This project overwhelms me sometimes. What has started out as an innocent idea and drive to share musicians’ stories has opened up multiple proverbial cans of worms that I’m not sure I was ready to clean up. I’ve sort of been catapulted headfirst into a full-blown existential crisis. I don’t necessarily regret how I’ve started; my friends and acquaintances are like the perfect diving board for me to jump into this idea – the low, less riskier one. The one that provides a certain level of confidence that I’ll be able to breathe again, not that insurmountable beast that plunges you so deep that you find yourself gasping for air on your way back to the surface. While it’s fitting and comfortable to have started with the people I know, or sort of know, or souls with which I share a loose connection, this bastard of a process is teaching me a few things. One, that Sintia (my friend / editor / life model / sharer of wine) is a wise old owl (we’re the same age, which I keep having to repeat to myself).
She told me I should be careful interviewing friends. She was right, and usually is (damn you, Sintia. Damn all the Romanians).
The thing about interviewing friends is the trust is already there. I have no set of interview questions because I just want people to talk, and there’s a profundity to what people choose to discuss of their own accord. With people I know, I can put a general time limit on a discussion (usually 90 minutes, give or take a half hour), and the beating around the bush is minimal. Because like attracts like, the type of people I’m interviewing, for the most part, will lay it all out before me and tell it like it is, no holds barred, and that’s the type of connection I crave (don’t we all?). I think everyone should interact this way. Small talk bores me. Get to the point. I’ve been faulted for this in the past; I guess this quality scares people sometimes. I got slammed by a few anonymous students in one of my last course evaluations because I was “too honest, too fast, and too hard.”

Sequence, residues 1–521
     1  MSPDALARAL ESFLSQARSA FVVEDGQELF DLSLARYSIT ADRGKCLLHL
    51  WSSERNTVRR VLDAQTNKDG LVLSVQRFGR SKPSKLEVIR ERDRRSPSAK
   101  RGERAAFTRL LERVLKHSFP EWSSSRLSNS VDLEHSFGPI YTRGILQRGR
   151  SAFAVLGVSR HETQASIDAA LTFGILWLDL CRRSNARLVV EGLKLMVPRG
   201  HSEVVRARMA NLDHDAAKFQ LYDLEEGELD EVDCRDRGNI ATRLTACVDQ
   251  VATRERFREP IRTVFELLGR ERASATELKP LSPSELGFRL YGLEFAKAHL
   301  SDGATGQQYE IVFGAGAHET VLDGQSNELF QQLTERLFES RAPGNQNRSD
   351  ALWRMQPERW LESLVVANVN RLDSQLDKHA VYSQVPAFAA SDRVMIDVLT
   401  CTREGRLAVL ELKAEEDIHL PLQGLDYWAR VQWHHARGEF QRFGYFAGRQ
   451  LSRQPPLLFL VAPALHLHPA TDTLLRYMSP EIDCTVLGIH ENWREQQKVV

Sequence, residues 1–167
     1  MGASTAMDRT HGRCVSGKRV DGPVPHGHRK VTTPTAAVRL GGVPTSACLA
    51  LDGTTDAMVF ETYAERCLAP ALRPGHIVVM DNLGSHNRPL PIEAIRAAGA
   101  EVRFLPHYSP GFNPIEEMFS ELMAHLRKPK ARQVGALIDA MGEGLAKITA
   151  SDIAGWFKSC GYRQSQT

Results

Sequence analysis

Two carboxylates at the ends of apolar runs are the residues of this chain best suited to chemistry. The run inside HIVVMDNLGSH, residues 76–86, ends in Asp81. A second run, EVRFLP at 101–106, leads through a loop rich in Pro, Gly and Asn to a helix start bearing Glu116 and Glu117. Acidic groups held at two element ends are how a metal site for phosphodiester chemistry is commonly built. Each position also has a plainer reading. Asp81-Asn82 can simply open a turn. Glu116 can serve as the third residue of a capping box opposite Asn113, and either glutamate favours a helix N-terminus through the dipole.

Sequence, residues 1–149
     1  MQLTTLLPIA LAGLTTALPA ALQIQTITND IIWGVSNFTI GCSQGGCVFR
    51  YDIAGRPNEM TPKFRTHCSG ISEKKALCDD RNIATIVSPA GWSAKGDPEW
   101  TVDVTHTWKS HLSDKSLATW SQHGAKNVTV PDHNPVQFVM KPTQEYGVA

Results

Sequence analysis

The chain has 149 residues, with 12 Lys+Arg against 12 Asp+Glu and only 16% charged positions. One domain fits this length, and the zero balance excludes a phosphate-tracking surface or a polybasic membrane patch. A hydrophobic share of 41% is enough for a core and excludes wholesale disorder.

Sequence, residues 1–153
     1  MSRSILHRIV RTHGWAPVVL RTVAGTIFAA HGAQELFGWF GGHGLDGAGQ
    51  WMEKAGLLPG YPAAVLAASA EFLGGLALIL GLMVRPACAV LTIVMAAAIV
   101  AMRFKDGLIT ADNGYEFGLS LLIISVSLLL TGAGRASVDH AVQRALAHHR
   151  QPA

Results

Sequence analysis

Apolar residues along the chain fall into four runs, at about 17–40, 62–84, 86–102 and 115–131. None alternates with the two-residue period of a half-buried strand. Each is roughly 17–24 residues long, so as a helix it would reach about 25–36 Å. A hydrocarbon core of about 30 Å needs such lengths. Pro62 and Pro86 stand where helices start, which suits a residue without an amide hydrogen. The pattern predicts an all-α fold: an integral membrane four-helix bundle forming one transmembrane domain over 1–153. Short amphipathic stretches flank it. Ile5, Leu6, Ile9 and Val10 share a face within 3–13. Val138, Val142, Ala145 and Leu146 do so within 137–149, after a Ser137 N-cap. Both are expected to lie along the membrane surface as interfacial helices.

Well, the truth hurts, people. Confrontation used to be my nemesis. Now it’s my dear aunt. I can thank my father, a retail manager, for my unflinching ability to just face people and talk to them (juxtapose this with a mortally crippling stage anxiety, and when you’re done laughing, maybe I’ll write an entirely different book on this).
The problem arises when deciding what to share. Each interview is like a mini therapy session, for some more so than others. I hit “record” and tell them to smile, they’re on candid camera. We muse and cry, remember and yearn, pontificate and surmise, and when it’s all over, I sift through the rubble for the gems, but they aren’t always pretty, nor are they what people necessarily want shared, despite the fact that they “defaulted” to the very things that make them them.
Yes, the gems are what they are. They don’t have glorious titles, or ideal upbringings, or fame, or fortune, and they are always imperfect. We are all chipped in some way, so why hide it?
Why hide it?